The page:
Nate Silver at the New York Times suggested yesterday that generic ballot polling might underestimate how well the Democrats will do in November.
Henry Olson at NRO countered by describing how it might shade the other way.
I think it’s the best tool we’ve got, and partisan bias is somewhere in the middle. Here’s why.
I’m not going to describe in depth what Silver and Olson say; the articles are freely available online in their entirety. I will summarize each side, though.
Silver says that the Democrats could do better than the poll says because specific candidates in one district might be liked more than the candidate’s party in general. He takes a long way around to get to there, and has to spend paragraphs apologizing for his example not being quite on point, but the point is sound.
Olson points out in contrast tha individual polling will skew toward the incumbents thanks to basic name ID issues as challengers have to wait until after the primary to become known as the party candidate.
These are both true points. But what’s important to know is that these two issues affect both parties. Republican incumbents should be underestimated in national generic polling, and challengers from the Democrats should be overestimated in the generics. For the most part, the partisan effects of the challenger/incumbent effects should tend to balance out in a national sum.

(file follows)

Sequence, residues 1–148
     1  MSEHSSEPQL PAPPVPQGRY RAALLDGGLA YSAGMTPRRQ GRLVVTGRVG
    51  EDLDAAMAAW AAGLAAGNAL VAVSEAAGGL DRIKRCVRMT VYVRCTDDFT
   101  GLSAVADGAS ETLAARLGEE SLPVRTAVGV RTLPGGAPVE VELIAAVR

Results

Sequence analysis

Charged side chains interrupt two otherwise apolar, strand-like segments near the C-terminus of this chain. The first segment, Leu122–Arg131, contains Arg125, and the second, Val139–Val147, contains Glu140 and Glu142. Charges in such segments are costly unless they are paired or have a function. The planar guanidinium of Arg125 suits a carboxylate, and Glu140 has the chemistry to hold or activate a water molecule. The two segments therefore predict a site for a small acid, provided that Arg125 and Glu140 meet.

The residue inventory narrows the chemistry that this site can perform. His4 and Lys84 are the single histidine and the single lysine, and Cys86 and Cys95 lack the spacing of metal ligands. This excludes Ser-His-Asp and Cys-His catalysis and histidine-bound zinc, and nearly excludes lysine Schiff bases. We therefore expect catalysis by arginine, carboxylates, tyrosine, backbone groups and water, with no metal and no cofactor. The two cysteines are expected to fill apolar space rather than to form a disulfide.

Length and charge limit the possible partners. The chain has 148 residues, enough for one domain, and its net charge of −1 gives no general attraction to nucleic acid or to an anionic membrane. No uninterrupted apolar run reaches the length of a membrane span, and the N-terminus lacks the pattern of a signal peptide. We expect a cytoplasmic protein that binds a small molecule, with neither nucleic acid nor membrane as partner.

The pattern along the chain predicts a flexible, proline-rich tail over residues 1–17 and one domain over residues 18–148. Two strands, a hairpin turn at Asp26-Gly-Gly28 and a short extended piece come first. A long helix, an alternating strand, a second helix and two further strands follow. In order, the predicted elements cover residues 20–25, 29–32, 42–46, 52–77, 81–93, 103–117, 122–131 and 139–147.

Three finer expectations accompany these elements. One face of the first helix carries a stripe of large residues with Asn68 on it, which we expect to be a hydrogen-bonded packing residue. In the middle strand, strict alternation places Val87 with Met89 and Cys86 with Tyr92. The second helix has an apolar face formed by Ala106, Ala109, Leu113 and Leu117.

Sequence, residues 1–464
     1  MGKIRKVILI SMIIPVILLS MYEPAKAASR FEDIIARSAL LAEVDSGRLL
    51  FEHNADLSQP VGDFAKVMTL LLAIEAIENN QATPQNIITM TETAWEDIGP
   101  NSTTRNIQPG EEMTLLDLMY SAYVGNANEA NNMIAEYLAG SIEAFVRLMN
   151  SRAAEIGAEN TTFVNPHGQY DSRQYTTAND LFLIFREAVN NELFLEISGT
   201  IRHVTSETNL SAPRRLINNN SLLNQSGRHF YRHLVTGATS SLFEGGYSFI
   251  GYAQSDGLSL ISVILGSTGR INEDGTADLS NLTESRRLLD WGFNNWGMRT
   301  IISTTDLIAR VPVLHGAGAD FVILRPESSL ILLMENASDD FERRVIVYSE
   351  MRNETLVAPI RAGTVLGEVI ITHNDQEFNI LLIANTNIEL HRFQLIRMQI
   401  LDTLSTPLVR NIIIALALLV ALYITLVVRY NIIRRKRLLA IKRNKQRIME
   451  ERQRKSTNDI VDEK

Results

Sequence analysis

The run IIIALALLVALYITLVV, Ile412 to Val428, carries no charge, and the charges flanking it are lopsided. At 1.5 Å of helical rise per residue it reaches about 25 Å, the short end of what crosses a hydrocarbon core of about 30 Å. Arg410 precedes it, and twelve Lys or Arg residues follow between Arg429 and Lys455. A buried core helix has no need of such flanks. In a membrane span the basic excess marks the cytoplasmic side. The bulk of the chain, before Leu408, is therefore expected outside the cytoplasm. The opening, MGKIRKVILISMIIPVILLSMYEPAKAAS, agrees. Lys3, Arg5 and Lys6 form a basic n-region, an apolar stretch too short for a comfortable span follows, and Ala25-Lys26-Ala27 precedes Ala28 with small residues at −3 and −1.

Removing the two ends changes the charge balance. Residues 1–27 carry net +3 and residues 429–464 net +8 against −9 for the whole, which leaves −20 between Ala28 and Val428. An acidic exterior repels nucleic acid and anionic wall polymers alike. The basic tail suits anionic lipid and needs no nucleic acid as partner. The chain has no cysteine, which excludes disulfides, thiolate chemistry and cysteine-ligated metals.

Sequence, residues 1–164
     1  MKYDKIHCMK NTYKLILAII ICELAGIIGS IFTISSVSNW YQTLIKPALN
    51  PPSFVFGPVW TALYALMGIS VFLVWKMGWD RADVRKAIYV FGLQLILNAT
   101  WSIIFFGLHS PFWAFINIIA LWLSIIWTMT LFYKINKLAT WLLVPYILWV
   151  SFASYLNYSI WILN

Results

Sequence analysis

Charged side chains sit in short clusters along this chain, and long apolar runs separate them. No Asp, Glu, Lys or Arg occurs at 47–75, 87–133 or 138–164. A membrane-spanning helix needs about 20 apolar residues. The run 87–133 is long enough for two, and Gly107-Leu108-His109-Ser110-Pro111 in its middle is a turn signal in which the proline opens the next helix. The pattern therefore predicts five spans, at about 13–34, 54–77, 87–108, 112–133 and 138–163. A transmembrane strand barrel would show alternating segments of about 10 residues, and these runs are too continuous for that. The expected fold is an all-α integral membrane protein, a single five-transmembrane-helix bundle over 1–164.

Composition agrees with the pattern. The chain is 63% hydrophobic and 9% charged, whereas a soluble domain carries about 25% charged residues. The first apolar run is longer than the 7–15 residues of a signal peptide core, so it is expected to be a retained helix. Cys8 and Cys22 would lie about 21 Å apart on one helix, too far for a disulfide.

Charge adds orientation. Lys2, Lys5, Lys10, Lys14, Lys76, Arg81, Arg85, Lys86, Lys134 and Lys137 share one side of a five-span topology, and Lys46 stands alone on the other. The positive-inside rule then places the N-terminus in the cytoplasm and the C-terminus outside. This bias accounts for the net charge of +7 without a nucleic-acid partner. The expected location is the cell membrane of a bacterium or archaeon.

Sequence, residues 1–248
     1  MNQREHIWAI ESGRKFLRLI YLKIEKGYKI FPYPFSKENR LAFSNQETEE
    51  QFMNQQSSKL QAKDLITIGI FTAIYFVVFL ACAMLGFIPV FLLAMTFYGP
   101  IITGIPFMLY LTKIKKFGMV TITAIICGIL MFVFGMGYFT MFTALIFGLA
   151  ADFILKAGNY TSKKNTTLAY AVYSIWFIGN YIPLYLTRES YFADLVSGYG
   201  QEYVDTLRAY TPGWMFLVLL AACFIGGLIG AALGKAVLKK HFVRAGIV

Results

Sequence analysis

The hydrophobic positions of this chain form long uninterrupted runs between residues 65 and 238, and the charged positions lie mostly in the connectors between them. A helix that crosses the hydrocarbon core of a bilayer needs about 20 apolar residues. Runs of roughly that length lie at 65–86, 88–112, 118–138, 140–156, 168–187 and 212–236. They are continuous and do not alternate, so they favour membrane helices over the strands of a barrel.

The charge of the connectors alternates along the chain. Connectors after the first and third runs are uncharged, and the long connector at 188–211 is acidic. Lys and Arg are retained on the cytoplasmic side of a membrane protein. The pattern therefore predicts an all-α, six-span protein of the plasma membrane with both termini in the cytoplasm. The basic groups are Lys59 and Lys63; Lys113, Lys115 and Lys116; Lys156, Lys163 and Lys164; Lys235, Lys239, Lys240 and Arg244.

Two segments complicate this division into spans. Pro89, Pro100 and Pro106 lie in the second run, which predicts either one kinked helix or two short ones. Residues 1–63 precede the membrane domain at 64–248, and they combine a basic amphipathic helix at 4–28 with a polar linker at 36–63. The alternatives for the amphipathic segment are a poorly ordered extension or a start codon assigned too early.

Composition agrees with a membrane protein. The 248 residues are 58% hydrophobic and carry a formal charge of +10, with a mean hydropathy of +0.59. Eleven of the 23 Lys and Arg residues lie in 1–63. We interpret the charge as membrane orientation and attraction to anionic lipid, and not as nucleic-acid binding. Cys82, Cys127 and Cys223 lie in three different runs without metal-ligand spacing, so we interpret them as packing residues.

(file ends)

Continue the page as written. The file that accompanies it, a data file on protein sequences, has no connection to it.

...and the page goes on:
There are more Democrats than Republicans in the House, so there are more of an incumbency effect on that party, but there’s another effect that neither Olson nor Silver pointed out: many of the Democrats that Republicans are looking to defeat were only elected in 2006 or 2008. These are not Democrats who have established themselves as institutions in their districts, and these districts in some cases in fact have long traditions electing Republicans.
Further, there’s another big reason I don’t trust the local House polling: Generic ballots tend to be designed and executed by nationally respected polling experts, but local House polling is so often organized by the local media. Sometimes the newspaper or television managers know who to hire and how to poll, but sometimes they don’t. They’re media experts, not polling experts. It’s not their job, but all too often rely on them without regard for the their expertise or lack of it.
There are so many factors that can affect a poll: screening down from the adult population, question wordings, question orders, name rotations, randomization, and more. I trust more the known quantities of the national generic ballots, than the erratic seat-by-seat polling we get in the House. That is why I use the generic ballots with the Swingometer, despite its known limitations. It’s the best way I know of to handle 435 races in a clear and consistent way.